obit (the dust) of the month: the neighbors, they adored him

In this new series of only-just-slightly-morbid, I thought it would be interesting to occasionally focus on the passing of men and women who once ignited a certain spark in the public imagination – even if never having necessarily achieved a star’s magnitude of infamy or indignity.  Alex Higgins, our first subject, certainly fits those parameters. My thanks go out to snooker fan Eamon Lynch, who recently quoted to me a string of Higgins’ epithets that sent me running in search of his obituary in the Guardian, copied below.

The snooker player Alex Higgins, who has died aged 61, led a life clouded by drunkenness, drug abuse, gambling, violence and tempestuous personal relationships. Yet for many of his fellow players and millions of fans, hooked on snooker with the advent of colour television, he will be forever viewed as a flawed sporting genius whose rock’n’roll lifestyle and brushes with officialdom made him all the more appealing, while a sometimes astonishing natural talent allowed him to brush aside more staid opponents and carried him to two world snooker titles.

He was a man who would bet on virtually anything, and frequently did. His prodigious thirst for alcohol took him into more scrapes than he would ever be able to recall, while friends and enemies alike spoke of his volcanic temper, irrational outbursts and dark mood swings as he struggled, in his declining years, to cope with the ravages of throat cancer that had left him an emaciated figure living out his final days where he began, in the snooker halls and bars of Belfast.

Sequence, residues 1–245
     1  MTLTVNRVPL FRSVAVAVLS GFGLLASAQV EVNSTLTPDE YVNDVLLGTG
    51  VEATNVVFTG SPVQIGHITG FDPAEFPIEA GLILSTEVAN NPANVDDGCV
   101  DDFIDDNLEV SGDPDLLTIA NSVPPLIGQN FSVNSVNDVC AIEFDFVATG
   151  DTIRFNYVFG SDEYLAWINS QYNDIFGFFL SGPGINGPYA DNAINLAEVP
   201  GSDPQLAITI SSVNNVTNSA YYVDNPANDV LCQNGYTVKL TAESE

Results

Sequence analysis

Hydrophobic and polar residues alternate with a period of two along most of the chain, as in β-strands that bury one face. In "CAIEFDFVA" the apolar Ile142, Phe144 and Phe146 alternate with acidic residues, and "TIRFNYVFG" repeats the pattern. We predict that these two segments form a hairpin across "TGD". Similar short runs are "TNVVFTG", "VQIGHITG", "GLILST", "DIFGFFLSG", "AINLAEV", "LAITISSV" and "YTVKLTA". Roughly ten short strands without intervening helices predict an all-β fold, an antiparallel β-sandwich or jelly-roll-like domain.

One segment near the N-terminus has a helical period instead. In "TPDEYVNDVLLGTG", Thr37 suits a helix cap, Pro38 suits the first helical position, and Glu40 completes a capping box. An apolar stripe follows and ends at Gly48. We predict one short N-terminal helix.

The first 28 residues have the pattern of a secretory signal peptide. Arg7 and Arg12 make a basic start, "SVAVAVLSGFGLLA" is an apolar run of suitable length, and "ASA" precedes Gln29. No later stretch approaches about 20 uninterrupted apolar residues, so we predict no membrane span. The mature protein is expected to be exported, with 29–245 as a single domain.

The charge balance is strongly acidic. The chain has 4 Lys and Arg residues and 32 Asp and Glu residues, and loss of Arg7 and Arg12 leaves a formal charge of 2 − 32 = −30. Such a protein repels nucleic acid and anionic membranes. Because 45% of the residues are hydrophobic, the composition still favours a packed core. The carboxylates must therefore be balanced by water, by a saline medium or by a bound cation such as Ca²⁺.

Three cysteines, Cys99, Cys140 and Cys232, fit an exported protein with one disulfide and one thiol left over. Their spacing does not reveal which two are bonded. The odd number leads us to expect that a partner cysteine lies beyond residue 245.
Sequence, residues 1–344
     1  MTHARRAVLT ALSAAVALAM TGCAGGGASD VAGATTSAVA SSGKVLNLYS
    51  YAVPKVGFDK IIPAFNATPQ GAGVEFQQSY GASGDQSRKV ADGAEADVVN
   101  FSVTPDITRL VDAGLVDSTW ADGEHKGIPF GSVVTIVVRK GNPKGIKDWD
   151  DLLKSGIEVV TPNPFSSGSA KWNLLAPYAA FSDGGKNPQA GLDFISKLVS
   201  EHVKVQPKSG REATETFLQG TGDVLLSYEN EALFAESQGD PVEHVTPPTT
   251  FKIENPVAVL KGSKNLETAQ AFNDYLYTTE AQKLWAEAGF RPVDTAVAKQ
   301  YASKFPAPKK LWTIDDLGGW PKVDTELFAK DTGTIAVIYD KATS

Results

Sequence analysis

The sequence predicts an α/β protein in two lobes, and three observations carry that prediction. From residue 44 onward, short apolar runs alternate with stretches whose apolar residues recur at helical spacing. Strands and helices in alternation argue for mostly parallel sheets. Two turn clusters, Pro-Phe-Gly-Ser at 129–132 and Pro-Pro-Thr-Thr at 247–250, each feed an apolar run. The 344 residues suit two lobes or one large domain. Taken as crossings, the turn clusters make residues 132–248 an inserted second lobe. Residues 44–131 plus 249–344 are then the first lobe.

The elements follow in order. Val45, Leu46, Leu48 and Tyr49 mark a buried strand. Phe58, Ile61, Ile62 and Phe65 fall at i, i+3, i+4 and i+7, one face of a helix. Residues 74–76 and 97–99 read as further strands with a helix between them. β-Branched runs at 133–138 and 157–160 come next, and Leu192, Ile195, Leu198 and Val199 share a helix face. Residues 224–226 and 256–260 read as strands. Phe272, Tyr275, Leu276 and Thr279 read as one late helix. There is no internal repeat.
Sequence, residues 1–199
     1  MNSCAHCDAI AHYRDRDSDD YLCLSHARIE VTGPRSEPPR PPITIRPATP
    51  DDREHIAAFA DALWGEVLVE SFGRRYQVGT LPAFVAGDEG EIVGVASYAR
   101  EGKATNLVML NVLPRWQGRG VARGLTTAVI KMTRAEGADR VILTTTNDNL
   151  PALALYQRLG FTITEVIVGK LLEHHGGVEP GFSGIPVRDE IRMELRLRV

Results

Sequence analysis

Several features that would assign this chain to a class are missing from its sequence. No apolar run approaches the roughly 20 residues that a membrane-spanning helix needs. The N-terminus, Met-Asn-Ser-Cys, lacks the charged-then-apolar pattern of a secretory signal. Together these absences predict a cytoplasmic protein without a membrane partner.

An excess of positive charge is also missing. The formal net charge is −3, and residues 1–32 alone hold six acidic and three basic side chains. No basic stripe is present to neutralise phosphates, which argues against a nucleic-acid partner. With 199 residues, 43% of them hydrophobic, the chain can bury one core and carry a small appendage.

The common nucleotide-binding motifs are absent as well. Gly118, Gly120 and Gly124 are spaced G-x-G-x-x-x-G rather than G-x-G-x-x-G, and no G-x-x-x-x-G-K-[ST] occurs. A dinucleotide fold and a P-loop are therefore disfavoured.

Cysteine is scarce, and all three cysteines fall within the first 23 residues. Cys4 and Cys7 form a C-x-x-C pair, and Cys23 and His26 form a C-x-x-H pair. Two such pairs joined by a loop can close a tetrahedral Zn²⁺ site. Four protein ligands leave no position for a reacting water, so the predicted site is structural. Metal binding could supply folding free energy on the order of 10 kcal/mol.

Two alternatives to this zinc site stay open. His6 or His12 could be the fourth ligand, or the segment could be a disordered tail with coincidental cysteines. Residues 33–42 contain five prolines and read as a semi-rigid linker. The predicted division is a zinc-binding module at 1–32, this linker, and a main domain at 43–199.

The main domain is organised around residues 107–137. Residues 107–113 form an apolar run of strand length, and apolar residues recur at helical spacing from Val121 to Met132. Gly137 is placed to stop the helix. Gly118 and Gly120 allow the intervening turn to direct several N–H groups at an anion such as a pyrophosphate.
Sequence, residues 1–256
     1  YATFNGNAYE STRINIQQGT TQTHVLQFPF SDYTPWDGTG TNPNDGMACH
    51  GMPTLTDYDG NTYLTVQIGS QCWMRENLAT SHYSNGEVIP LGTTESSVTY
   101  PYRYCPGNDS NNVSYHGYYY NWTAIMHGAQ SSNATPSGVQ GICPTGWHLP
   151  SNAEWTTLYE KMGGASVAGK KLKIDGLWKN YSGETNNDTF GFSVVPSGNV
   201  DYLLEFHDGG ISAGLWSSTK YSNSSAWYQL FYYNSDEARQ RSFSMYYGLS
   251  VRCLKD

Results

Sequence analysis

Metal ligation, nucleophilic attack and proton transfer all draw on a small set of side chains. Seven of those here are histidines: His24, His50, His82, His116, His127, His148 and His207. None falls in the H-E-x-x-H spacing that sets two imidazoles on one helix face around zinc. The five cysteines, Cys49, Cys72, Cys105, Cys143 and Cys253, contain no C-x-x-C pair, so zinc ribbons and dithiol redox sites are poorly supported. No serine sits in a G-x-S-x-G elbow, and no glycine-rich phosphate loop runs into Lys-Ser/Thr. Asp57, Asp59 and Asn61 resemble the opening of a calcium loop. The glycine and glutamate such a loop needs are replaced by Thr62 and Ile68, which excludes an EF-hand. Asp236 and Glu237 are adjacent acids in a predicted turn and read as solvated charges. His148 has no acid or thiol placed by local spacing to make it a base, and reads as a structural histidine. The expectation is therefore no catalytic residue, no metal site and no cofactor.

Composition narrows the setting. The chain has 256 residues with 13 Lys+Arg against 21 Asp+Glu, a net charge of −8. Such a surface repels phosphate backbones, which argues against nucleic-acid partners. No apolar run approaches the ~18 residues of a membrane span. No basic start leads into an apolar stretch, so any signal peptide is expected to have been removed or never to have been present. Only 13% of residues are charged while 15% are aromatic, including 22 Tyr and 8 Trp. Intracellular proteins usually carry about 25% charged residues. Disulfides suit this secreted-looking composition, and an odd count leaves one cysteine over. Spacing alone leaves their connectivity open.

Yet most would prefer to remember Higgins as the one-time boy snooker hustler, nicknamed “Hurricane” because of the speed of his play, who became a sporting superstar. In his prime, whomever he might have been playing, he was able to command the spotlight in a manner no other snooker player has – Jimmy White and Ronnie O’Sullivan included. A waif-like figure, with his shirt left open-necked as he openly flouted the rules of the time that insisted bow ties should be worn, with a cigarette and strong drink invariably by his side, when Higgins began a break the nation seemed to collectively hold its breath in anticipation.

In 1986, when asked to take a drugs test during the UK Championship, Higgins headbutted the official who made the request, which earned him a £12,000 fine and five-tournament ban as well as a court appearance, where he was handed a £250 fine for assault and criminal damage. Money worries were escalating as Higgins’s gambling continued unchecked, and he was banned for an entire season after punching another official in the stomach in 1990 after losing a second-round match in the World Championship around the time he threatened to have his Northern Irish Catholic rival Dennis Taylor killed, saying: “I come from Shankill and you come from Coalisland, and the next time you are in Northern Ireland I will have you shot.”

Read the complete story HERE.

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